The second was on taxation where there were several expectations. Here, the Finance Minister has not really given any consumption boosting measures and has concentrated more on administrative reforms to ease the processes.
Third is on expenditure, and here it does appear that the Budget has been aggressive, especially when we look at the composition. The capex for the year has been placed at Rs 5.54 trillion, which while being an increase of 26 per cent over the revised estimate for FY21, is a good start. However, admittedly there will be a lot to be done by the private sector for investment rate to really pick up during the year. This amount is around 2.5 per cent of GDP, which can prod but not drive overall investment in the economy. The setting up of a new DFI is an affirmative step taken and hopefully should materialize in the year will provide the right impetus for infrastructure.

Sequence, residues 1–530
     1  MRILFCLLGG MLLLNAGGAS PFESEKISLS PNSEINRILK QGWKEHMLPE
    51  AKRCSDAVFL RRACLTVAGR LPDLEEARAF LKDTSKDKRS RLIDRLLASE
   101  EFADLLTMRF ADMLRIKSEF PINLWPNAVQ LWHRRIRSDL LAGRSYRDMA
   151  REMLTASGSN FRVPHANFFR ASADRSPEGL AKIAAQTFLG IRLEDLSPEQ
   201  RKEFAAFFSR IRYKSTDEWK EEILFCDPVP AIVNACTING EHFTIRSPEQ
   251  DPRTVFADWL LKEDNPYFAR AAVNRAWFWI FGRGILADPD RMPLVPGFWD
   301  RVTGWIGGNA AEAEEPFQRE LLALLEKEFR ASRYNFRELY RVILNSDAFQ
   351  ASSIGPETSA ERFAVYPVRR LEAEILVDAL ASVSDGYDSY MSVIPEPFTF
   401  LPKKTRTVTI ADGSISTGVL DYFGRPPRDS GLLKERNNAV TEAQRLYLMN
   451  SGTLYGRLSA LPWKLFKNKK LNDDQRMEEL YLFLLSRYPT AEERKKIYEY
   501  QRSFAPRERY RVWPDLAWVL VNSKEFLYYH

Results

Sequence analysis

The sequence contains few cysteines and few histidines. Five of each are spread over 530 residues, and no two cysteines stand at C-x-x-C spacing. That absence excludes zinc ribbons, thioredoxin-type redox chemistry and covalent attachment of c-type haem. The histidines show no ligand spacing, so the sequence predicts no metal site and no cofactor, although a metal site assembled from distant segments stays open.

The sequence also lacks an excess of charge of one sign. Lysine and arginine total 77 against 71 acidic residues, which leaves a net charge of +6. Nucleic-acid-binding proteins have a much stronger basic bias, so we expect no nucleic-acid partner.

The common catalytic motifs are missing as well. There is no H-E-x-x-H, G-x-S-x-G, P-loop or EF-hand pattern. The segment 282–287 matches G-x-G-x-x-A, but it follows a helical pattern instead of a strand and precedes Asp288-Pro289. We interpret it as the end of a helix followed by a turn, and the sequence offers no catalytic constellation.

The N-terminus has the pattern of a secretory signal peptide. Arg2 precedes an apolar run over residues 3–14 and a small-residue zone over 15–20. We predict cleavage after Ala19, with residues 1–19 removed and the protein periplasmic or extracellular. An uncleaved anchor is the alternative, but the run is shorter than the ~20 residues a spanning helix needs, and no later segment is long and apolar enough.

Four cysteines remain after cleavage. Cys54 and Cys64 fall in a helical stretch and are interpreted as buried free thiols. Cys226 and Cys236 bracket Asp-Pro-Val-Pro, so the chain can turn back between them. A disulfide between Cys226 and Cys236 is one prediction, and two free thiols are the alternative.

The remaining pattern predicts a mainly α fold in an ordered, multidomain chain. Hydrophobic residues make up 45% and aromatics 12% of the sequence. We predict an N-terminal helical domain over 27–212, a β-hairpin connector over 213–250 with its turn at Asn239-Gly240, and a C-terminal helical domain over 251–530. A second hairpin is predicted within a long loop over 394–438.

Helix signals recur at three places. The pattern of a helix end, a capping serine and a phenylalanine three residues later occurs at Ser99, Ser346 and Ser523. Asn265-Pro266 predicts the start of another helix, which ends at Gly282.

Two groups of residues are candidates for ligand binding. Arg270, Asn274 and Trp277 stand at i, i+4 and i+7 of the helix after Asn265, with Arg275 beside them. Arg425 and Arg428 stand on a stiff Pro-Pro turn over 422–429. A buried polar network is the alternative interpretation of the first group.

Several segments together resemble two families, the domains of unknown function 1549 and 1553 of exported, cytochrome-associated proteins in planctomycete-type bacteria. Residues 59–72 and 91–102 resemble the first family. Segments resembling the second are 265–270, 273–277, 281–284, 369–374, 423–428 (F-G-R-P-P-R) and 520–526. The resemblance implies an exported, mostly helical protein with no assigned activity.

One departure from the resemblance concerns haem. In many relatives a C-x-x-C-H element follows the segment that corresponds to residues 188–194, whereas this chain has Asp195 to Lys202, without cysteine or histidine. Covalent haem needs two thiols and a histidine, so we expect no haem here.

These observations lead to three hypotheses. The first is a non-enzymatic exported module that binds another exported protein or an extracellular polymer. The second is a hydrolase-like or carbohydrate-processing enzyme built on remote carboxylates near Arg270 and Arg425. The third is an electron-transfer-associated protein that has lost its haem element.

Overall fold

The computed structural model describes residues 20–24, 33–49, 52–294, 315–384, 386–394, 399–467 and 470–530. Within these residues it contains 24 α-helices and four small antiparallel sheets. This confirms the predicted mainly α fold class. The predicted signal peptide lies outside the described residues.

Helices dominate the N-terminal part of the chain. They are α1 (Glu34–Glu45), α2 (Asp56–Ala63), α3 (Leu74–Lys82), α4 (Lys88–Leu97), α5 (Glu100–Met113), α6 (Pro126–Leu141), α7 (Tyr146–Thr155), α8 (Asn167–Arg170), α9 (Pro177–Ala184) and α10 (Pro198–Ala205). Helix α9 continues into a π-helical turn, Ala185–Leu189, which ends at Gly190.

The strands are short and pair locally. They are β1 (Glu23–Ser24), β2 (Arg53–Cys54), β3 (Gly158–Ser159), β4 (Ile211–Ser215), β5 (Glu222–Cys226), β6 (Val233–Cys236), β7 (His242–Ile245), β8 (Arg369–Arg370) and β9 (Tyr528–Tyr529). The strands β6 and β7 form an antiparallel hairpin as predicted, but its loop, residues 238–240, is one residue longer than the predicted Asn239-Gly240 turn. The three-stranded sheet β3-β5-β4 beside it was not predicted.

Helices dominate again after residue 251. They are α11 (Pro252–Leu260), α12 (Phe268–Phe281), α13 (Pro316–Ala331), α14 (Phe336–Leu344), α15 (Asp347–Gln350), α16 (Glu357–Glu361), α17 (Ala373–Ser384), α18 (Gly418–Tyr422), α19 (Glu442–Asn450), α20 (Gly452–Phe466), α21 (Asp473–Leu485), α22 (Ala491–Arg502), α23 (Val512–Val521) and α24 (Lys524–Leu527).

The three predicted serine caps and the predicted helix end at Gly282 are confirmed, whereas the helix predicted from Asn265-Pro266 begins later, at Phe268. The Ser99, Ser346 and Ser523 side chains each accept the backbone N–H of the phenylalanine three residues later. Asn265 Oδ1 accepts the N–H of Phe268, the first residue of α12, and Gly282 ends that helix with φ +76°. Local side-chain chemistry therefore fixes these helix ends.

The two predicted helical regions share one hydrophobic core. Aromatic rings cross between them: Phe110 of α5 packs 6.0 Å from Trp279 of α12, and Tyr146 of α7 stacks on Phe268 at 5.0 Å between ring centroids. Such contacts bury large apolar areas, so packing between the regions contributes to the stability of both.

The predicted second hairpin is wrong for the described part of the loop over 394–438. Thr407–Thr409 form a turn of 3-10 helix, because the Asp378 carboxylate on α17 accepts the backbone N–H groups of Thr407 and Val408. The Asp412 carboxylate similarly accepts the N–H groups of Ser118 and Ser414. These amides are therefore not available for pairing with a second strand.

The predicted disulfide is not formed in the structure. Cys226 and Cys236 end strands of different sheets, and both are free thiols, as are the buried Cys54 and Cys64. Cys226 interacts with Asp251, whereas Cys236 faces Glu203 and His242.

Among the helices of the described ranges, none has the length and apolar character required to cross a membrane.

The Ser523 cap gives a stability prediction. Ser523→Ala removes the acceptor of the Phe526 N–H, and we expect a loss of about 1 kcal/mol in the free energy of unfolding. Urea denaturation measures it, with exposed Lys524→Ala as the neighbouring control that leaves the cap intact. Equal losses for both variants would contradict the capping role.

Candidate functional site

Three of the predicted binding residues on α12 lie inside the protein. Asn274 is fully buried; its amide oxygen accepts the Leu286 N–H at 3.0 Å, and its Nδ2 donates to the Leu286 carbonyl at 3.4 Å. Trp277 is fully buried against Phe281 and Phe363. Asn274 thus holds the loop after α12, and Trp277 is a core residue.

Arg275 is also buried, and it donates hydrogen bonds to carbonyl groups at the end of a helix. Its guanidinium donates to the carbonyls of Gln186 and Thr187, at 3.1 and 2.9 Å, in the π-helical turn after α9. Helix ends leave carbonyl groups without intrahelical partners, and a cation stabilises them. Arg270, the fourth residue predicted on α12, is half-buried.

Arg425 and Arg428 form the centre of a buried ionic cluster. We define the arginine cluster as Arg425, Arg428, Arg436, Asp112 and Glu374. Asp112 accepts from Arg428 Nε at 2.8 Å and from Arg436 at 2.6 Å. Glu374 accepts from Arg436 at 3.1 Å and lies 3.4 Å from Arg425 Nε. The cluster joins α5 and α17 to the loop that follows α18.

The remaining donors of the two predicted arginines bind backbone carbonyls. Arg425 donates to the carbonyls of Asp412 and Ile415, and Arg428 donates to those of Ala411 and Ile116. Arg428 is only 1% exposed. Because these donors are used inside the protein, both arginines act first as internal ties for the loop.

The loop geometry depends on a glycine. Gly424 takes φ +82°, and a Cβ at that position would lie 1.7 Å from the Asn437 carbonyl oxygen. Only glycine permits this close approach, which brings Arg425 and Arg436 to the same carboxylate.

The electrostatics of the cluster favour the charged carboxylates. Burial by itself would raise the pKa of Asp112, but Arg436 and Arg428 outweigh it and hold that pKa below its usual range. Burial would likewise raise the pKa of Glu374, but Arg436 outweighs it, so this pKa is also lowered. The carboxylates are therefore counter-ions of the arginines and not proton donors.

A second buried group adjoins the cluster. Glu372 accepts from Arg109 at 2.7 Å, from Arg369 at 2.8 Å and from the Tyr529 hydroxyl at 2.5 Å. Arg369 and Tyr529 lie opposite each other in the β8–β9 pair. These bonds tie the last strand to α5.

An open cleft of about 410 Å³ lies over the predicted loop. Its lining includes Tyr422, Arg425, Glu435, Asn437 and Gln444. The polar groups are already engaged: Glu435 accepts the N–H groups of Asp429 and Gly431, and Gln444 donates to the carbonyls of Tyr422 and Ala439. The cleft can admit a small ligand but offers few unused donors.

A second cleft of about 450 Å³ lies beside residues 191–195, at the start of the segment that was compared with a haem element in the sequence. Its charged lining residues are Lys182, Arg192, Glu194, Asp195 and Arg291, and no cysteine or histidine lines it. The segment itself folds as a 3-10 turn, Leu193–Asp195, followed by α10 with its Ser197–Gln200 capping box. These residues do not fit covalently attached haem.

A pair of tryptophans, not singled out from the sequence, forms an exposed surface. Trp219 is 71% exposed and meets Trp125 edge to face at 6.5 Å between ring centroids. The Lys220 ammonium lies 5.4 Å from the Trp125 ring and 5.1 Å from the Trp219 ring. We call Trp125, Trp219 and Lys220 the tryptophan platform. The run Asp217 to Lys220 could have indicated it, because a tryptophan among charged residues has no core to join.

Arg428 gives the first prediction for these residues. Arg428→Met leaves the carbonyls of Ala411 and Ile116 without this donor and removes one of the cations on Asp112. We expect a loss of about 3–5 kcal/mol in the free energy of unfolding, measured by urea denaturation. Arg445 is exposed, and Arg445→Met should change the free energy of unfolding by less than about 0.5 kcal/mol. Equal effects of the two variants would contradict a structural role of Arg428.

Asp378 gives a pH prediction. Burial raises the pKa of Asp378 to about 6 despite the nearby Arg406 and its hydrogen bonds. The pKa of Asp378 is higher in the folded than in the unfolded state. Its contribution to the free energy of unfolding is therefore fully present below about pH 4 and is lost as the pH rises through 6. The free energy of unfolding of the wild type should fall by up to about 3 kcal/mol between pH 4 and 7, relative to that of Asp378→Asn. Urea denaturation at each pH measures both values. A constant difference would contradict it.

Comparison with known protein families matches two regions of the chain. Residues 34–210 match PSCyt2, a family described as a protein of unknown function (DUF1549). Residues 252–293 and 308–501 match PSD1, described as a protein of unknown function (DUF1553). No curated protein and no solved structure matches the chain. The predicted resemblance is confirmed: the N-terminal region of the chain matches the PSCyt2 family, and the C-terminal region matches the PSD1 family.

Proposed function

Last is the disinvestment target, which at Rs 1.75 trillion for the year may once again look to be optimistic given the track record we have had. It has been indicated that the plans for disinvestment are ready and it is only the implementation button that has to be pushed. This time big names are on the list and includes two public sector banks, Life Insurance Corporation (LIC), one general insurance company, Air India, BPCL, and others. The government has also spoken of monetisation of government assets like land, and this could be a minor contributor this year, but has potential to be a revenue earner in future. Ideally, such schemes must involve leases so that the asset is still owned by the government.
On the whole, the Budget has delivered a fairly effective boost on capex while bringing about some reforms in the financial sector: bad bank, DFI and bank capitalisation. The pressure on liquidity will be there given the higher deficit and borrowings which is reckoned. This can mean that interest rates will have to be monitored by the RBI closely.
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